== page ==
WHAT – Tennis elbow – also known as Lateral Epicondylalgia and is often referred to as epicondylitis or tendinopathy. Tennis elbow is diagnosed by signs of localised pain over the outside epicondyle more commonly know as the elbow bone. The pain is made worse with resisted wrist extension and grip. It is also referred to as an overuse injury – where sports or activities with repetitive movements lead to tendinitis of the common forearm extensors (muscle on the top of the forearm) where they originate at the lateral humeral epicondyle E.g.; consistent forearm shots in tennis display the motion that causes tennis elbow.
There is a high precedence of people being misdiagnosed with tennis elbow as it is often mistaken for pain stemming from the neck, often C5-6, and the pain refers down the arm via the radial nerve. Adequate testing and re-testing is needed to ensure you are treating the cause and not just the areas of referred pain.
WHO – Tennis elbow affects around 1-3% of the population and 40% of those people play tennis, hence where the name came from. It is predominately in people ages 35-55 years and can last anywhere from 6 months to 24 months.
- stiffness in the elbow in the morning
- occasional night pain
- dropping of objects – weak grip strength
- pain with palpation of the lateral epicondyle
- pain with active/resisted extension.
RISK FACTORS – repetitive manual tasks or handling of heavy loads will initiate and continue to stir the muscles that attach at the lateral epicondyle. The risk is increased by a working posture of arms raised in front of the body, coupled with repetitive forearm twisting or rotating motions. Further increased by high gripping force. People prone to more than 20 hours of computer work a week are at risk, this increases in line with years of use.
OUTCOMES TREATMENTS patients are looking for pain relief at rest and whilst doing activities, improved function, reduced sick leave needed to be taken during flare ups and to avoid adverse events. Myotherapist’s aim to reduce the pain in the elbow, encourage tissue repair, help restore the normal range of motion of the elbow joint, muscle length and strength whilst also restoring normal neurodynamics. Some treatment options include;
- In the early phase of tennis elbow ice and heat can work with inflammation and the chemicals associated with the pain transmission in the nerves, whilst heat can encourage fresh blood flow to the area.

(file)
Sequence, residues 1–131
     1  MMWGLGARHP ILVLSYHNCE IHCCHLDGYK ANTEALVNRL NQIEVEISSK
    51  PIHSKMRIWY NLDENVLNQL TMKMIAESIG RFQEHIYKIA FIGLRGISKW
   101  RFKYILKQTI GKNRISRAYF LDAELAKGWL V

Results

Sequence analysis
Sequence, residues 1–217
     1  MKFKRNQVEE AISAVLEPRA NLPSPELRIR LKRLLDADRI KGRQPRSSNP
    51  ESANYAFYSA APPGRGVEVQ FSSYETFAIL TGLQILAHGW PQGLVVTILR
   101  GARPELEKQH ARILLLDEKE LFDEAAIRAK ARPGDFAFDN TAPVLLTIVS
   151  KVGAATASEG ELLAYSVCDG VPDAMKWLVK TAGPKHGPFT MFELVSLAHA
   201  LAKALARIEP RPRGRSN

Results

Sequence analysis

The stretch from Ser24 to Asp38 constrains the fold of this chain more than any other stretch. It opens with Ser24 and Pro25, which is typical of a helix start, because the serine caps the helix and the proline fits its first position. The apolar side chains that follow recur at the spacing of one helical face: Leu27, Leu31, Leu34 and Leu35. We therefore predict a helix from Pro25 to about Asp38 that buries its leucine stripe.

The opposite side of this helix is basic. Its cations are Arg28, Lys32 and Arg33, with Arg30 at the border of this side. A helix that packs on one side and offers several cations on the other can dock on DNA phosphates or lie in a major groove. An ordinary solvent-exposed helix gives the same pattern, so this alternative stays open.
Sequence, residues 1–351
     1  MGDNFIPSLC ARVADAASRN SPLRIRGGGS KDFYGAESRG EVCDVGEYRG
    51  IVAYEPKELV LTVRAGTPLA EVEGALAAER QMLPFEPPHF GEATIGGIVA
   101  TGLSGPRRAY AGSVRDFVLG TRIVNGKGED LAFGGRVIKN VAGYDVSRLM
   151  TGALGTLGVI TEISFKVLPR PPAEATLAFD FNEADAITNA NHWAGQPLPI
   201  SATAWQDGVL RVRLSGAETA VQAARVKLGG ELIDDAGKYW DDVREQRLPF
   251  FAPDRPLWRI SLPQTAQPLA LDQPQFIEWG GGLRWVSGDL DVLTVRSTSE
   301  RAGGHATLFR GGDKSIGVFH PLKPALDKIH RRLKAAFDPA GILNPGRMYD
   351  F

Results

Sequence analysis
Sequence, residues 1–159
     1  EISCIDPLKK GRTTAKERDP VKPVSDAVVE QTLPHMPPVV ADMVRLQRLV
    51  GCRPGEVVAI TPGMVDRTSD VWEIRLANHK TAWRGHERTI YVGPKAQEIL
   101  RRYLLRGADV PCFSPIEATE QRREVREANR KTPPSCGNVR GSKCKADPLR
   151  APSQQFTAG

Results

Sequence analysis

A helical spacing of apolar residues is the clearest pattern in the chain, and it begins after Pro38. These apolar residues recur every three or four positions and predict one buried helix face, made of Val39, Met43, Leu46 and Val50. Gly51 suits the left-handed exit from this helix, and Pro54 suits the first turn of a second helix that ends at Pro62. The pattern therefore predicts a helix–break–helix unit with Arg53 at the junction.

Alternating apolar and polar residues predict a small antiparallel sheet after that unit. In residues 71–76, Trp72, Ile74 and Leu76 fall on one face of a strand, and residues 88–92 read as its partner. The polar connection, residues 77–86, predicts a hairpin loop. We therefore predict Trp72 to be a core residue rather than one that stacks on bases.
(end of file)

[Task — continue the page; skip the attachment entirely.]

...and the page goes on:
- Cortisone injections – proven to be beneficial in the short term however can be painful and are associated with an increased risk of long term recurrence, especially if more then one injection is given. It is more beneficial to understand what is causing it and make changes in your daily life (strengthening muscles)
- Low level laser therapy may be beneficial but is not always available.
- Combined physiotherapy and Myotherapy treatments give medium term relief and show significantly better outcomes than steroid injections in the long term. These include manual therapy, exercise prescription, Kinesio taping, Dry Needling, home exercise and advice leaflets.
- Severe cases – 12+ months, there is limited low level support for injecting blood plasma or for persistent cases can undergo surgery – this involves your GP.
- Advice with prescribed over the counter pain medication is recommended as the first line of treatment for most cases.
- In the early acute stage it is important to take adequate steps to avoid aggravating the area more. Certain activities such as lifting heavy weights or objects should be avoided. Objects should be lifted close to the body, with elbow bent and palm facing upwards. Avoid repetitive gripping and twisting activities with the arms. Always take regular breaks to give the upper limb adequate rest. Should be seeking light duties at work whilst the inflammation is at its worst.
- Speak to a doctor or pharmacist about NSAID medication to help with the inflammation.
Rest is very important in the early stages of tennis elbow as continuing to use the arm will only flare the area up and increase pain and longevity of injury.
Involves all movements that stretch/loosen and strengthen the forearm extensors and flexors as well as the biceps and trapezius muscles.
Lateral Neck stretch for trapezius muscles (ear to shoulder). Perform on both sides of neck. For a deeper stretch gently pull neck at 5-10%
Flexor and extensor strengthening – use a light weight for resistance to help stretch and strengthen the forearm muscles and wrist. This can be performed without the weight and you can use your opposite hand to bend the wrist forwards and backwards for wrist extension and flexion stretching.
Wrist and forearm extension and flexion. Grip a rolled up towel and twist in opposite direction.
Supination and Pronation of forearm – keep elbow by your side to avoid injury to your shoulder. Start without the weight if there is pain.
**If you are experiencing pain, discomfort or an injury you are unsure of please seek professional advice from a doctor or your Myo/Physio as this is general advice and is not to be used in replacement of**